No ‘immediate exit’ from NATO for Mélenchon, but a vote in Parliament

With the new left-wing alliance not being united on the NATO question, Mélenchon was questioned on how he would deal with the issue once in government during a press conference on Thursday (19 May). EPA-EFE/CHRISTOPHE PETIT TESSON [EPA-EFE/CHRISTOPHE PETIT TESSON]

French parliament would vote on the country’s membership in NATO if radical left leader Jean-Luc Mélenchon wins the June legislative elections and is nominated prime minister, the France Insoumise chief suggested on Thursday (19 May). EURACTIV France reports.

Mélenchon noted that an “immediate exit” would not be on the agenda, however, and the matter would ultimately be settled by National Assembly.

France has been a member of the NATO alliance since 1949, and a member of the NATO Armed Command since 2009, when the former President Nicolas Sarkozy reinstated the country into it.

Since the re-election of president Emmanuel Macron on 24 April, Mélenchon’s France Insoumise movement joined with a coalition of left-wing groups to form an alliance called NUPES.

Since France gives its president full powers in choosing his prime minister, the alliance is hoping that, following June’s legislative elections, Macron will pick Mélenchon to be his parliamentary cohabiter.

The new left-wing alliance, however, holds various positions on the NATO question. During a press conference presenting NUPES’ political programme on Thursday (19 May), Mélenchon was asked what his approach would be, should he find himself in the prime-ministerial seat.

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What’s in the programme?

NUPES’ political programme features a total of 650 campaign proposals. Out of these, 33 proposals contain “nuances” between the positions of different parties in the alliance.

NATO is known as one of these points of divergence. In the document distributed to the journalists at the beginning of the press conference, however, there is no explicit reference to the organisation – instead, the document stated that the coalition will aim to “reaffirm that the UN is the only legitimate body for collective security on a global scale.”

This is in line with what La France Insoumise has previously advocated – for France to leave NATO – albeit less explicit.

‘Immediate exit’ impossible  

Mélenchon conceded, however, that his “point of view is not shared today,” and the current context in Europe must be respected. Proposing an immediate exit from NATO would “prevent the union from taking place”.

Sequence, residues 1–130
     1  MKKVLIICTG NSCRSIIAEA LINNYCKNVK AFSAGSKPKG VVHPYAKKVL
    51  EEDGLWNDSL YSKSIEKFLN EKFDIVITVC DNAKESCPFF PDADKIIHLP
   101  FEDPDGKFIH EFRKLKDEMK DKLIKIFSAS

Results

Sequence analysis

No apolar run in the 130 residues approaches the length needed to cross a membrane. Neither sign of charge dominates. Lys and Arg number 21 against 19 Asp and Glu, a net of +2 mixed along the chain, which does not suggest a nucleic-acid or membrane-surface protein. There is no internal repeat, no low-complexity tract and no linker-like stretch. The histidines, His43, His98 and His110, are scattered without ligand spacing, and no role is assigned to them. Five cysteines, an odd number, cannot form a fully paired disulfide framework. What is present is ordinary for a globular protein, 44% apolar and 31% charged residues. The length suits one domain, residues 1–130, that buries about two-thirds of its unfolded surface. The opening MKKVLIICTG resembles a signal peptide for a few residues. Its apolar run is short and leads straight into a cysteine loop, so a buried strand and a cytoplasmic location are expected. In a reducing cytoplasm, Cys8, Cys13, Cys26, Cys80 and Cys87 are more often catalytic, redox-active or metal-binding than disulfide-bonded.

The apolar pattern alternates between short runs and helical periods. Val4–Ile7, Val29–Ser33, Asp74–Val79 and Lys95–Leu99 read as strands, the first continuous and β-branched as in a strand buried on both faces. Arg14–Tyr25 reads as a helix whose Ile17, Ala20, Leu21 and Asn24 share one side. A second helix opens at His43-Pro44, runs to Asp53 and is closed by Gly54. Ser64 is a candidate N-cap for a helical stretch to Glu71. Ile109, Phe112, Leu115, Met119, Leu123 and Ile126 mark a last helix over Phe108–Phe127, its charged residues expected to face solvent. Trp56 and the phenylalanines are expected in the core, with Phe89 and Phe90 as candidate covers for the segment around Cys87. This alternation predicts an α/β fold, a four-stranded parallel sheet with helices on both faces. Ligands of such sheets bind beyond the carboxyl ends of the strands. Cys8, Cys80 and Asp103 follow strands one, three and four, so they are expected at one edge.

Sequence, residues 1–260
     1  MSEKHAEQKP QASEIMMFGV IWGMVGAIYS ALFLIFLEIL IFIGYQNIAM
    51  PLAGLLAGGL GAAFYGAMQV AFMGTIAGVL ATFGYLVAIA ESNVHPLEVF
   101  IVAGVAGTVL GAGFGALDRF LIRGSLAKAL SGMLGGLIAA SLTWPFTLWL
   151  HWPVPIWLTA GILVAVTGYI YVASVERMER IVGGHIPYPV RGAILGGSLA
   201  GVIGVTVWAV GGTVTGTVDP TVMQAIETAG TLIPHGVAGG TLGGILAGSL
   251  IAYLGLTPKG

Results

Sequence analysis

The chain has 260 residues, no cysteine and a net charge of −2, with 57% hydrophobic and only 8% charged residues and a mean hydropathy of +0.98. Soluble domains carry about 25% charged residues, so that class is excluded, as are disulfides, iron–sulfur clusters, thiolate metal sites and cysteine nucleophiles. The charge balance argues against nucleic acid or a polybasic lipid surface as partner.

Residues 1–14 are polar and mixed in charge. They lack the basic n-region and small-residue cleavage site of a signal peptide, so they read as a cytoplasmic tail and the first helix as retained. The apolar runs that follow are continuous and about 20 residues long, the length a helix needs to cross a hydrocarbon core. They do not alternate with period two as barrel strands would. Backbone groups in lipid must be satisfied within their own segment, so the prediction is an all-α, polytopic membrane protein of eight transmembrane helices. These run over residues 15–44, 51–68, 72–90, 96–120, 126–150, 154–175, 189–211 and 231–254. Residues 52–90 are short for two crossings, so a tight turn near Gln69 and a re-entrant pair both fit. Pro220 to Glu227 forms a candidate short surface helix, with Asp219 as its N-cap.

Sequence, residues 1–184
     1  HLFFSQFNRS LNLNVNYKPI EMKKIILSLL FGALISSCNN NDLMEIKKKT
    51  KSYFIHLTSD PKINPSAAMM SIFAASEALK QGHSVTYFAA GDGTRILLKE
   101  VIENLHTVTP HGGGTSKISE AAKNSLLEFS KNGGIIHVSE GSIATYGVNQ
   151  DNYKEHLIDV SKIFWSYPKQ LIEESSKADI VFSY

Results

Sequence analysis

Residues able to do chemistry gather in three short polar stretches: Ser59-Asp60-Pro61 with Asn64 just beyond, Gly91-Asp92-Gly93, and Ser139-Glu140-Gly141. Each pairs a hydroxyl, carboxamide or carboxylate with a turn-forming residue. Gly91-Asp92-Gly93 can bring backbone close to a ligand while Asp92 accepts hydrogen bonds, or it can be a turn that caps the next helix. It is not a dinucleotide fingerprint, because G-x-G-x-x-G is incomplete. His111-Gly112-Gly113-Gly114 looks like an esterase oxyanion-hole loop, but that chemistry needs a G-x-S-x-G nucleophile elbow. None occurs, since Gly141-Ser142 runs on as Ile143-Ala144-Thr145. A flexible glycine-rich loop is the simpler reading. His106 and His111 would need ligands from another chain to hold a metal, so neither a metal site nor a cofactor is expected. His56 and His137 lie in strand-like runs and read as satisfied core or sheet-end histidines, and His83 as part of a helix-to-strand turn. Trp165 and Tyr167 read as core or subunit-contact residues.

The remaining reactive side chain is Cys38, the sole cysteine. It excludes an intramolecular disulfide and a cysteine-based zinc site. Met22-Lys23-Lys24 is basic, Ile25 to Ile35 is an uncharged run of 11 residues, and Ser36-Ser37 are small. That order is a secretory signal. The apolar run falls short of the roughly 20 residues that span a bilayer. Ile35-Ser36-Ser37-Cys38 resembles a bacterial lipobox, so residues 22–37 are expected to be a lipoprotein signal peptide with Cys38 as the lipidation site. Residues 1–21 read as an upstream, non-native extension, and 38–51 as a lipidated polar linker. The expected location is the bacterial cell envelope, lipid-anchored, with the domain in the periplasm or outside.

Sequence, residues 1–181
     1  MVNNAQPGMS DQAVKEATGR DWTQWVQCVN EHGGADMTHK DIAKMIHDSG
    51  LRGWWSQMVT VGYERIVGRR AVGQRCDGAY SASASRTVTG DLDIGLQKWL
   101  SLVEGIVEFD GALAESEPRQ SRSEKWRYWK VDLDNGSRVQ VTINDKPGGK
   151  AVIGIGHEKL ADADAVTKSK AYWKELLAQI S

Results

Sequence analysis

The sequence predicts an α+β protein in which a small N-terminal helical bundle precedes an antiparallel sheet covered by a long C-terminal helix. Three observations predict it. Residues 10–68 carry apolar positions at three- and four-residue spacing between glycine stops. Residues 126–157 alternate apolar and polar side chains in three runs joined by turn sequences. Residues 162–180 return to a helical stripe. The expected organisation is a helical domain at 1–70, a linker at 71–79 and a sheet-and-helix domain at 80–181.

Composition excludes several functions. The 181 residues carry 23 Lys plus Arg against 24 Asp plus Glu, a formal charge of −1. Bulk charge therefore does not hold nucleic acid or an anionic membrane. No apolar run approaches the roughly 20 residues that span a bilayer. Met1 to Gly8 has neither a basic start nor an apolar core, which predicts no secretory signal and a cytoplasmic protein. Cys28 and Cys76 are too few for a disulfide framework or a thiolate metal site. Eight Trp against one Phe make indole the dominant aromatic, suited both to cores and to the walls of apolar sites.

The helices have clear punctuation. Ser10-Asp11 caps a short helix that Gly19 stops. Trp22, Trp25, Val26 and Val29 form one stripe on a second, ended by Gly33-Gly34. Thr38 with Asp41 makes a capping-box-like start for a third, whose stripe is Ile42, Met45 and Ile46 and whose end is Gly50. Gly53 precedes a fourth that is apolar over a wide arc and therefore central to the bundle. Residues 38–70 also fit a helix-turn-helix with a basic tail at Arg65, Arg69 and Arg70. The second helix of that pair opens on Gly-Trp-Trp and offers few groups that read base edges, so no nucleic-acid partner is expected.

Socialist Party representative Corinne Narassiguin, who was also in the room, nodded in approval of Mélenchon’s statement.

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Dynamics between president and prime minister

Were Mélenchon to become prime minister after the elections, he may not be able to influence the government on NATO.

The France Insoumise leader pointed out during the press conference that while the prime minister has “authority, of course” on defence and foreign policy matters – and he is against Macron invoking his powers to ‘dominate’ these areas – since the president “negotiates and signs treaties,” exiting NATO may be more difficult than expected since Macron favours remaining in the alliance.

Mélenchon then went on to add that a win for the left-wing coalition should, however, translate into the implementation of its entire programme because “in a democracy, the winner has the last word.”

A vote in parliament

The left-wing bloc’s programme announced that, should it be elected, parliament will be asked to vote on membership or exit of NATO. It also laid out the different parties’ positions on the vote.

“La France Insoumise will propose the immediate withdrawal of France from the integrated command of NATO and then, in stages, from the organisation itself,” it writes, adding that “the Socialist Party will be in favour of France remaining in NATO”.

Mélenchon made it very clear at the press conference and in the coalition’s programme that “the Assembly will be seized”, even if divided, on this point and will thus be put to the vote. France needs to “speak with one voice in the world,” he added.

However, Mélenchon added, the newly-unified left still needs to hold new debates to settle political attitudes and to “fine-tune the common approach.”

To resolve possible differences, like the one on NATO membership, Mélenchon pledged that it is “the National Assembly that will have the last word”.

According to current projections, the left-wing alliance could obtain between 100 and 160 seats out of the 577 available seats.

While this may still seem far from achieving an absolute majority in the National Assembly, it is clear that, given the distribution of constituencies, La France Insoumise will likely become the dominant group within the left-wing coalition.

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[Edited by Nathalie Weatherald]

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